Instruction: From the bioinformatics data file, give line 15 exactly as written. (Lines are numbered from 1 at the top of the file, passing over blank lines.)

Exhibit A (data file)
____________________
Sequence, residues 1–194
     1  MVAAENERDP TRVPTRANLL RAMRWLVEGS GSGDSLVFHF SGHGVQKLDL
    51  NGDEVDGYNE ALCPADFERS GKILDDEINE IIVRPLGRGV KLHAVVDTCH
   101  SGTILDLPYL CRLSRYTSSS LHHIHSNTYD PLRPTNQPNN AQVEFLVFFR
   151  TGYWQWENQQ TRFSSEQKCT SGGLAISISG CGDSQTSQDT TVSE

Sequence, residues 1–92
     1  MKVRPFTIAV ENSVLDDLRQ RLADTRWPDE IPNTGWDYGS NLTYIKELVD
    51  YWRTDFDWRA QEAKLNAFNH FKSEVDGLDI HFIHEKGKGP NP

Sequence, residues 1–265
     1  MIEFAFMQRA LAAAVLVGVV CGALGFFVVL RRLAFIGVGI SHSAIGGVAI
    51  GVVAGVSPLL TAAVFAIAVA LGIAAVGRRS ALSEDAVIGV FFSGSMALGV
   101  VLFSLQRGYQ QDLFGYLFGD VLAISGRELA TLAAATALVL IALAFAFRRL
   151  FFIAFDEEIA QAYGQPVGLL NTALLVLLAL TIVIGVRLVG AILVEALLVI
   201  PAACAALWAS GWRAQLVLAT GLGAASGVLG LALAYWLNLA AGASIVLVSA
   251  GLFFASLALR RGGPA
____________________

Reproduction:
   251  GLFFASLALR RGGPA